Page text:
How do you know if you did a good job?

I recently had a conversation with a mentee of mine. She had now completed a huge extra-curricular role and I asked her how she felt about it. I felt she did an incredible job. To my surprise, she didn’t feel the same.

When assessing ourselves, we are often too critical about ourselves and our performance. This attitude gets in the way of truly celebrating our efforts and recognizing the results of our hard work.

Below are my suggestions and tips, to enable us to get the best out of our performance reviews.

1. Objectivity > Subjectivity

When assessing ourselves, we often base our beliefs on how we feel. Feelings are dynamic. How we feel about ourselves today, may be completely different tomorrow. This can lead us to confuse how we feel about our performance, with how we actually performed.

It’s important to define objective measures for our success. Objective measures allow us to effectively assess our efforts against concrete goals and desired outcomes, avoiding our momentary feelings getting in the way of a fair self-assessment. The SMART framework can be a useful tool in defining these.

2. Hindsight Judgement is Dangerous

Hindsight is 20/20. Looking back, it’s easy to call out all of the mistakes we made, compare ourselves to others, and say we could’ve done better. What appears OBVIOUS in hindsight might not have been so in the moment. Hindsight judgement is especially dangerous because we tend to evaluate ourselves on completely new criteria or results that were out of our control.

As stated previously, to avoid the perils of hindsight judgement calls, ensure you have a pre-defined set of goals and KPI’s at the onset of a project. If throughout the project the goals or priorities change, make sure you refine and adjust your success measures to reflect these.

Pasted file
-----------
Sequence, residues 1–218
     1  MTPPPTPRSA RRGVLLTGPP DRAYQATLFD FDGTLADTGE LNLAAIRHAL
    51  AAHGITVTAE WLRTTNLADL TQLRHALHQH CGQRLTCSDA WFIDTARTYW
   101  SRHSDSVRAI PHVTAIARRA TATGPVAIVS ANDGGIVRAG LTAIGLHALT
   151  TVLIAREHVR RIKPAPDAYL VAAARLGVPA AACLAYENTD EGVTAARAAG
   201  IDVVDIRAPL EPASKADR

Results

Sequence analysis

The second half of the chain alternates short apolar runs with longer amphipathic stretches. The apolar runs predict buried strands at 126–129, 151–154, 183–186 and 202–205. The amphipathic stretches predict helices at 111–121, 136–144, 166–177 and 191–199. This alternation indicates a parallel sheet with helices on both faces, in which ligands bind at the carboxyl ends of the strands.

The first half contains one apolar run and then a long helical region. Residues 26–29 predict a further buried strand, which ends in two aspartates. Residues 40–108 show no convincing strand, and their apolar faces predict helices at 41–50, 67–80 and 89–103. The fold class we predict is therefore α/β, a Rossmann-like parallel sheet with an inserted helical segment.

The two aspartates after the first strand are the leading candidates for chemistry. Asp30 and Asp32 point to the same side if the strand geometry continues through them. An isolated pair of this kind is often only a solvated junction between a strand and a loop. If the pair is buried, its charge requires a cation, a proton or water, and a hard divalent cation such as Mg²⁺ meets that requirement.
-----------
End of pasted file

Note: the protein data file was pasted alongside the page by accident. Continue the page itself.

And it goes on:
3. 50/50

Similar to the concept of “list 5 things you did well, and 5 things you can improve on”, match every “negative point” with an equally strong “positive point”. Spend some time ensuring you build a balanced list. Don’t be cheap on yourself.

4. Be Specific

Use specific examples from your experiences and results to justify each positive and improvement area. Specificity enables you to be objective about your results, and avoid “throwing in points” that aren’t meaningful or real. Being specific also ensures we give each point some thought and reflect on the impact of these outcomes.

5. Little things Matter

Avoid the misconception that all results need to be glorious, impossible, and out-of-this-world. There are many “little things” that we do that add tons of value to the team or project, although we might not think they did.

When talking to my mentee, we highlighted the great coach she was for her team and how much her team members had improved under her leadership. They were both now pursuing more challenging roles in other organizations. Although she might not have seen it at first, their growth was clearly a result of the trust, autonomy, and support she gave them. Her achievements as a team lead were incredible and worth recognizing and celebrating.

6. Remember, We’re only Human…

It goes without saying but the truth is that we are only human. We make mistakes. We try new things and fail. Sometimes we succeed and sometime we don’t. That’s life.

At the end of the day, trust that you did the best you could do, with the information and resources you had available. Have faith in yourself and don’t measuring yourself up to unrealistic, superhuman standards. You’re not a superhero. (Even though deep down inside we all think we are…)

7. Focus on what matters most…

At the end of the day, the purpose of evaluations, self-assessments, and performance reviews are for improvement. The goal isn’t to highlight everything we did wrong, but more so identify everything we did well and can do better.

Maintain a positive outlook when dealing with failures. Practice a “Growth Mindset”, focused on continuously improving and developing your skills and abilities. Become your own standard, striving to perform better than you did in the past. This is the most “objective” and fair comparison you can ever make.

In the End

Being ambitious, realistic, and critical of ourselves is important. It enables us to challenge ourselves, expand our comfort zones, and take strong measurable strides towards achieving our goals. But there’s no value in putting in all the hard work and never being content or personally satisfied. It’s important to be proud of our merits and celebrate our achievements. We can’t let our “ambitions” get in the way of giving ourselves a well-deserved pat on the back and appreciating what we’ve accomplished.

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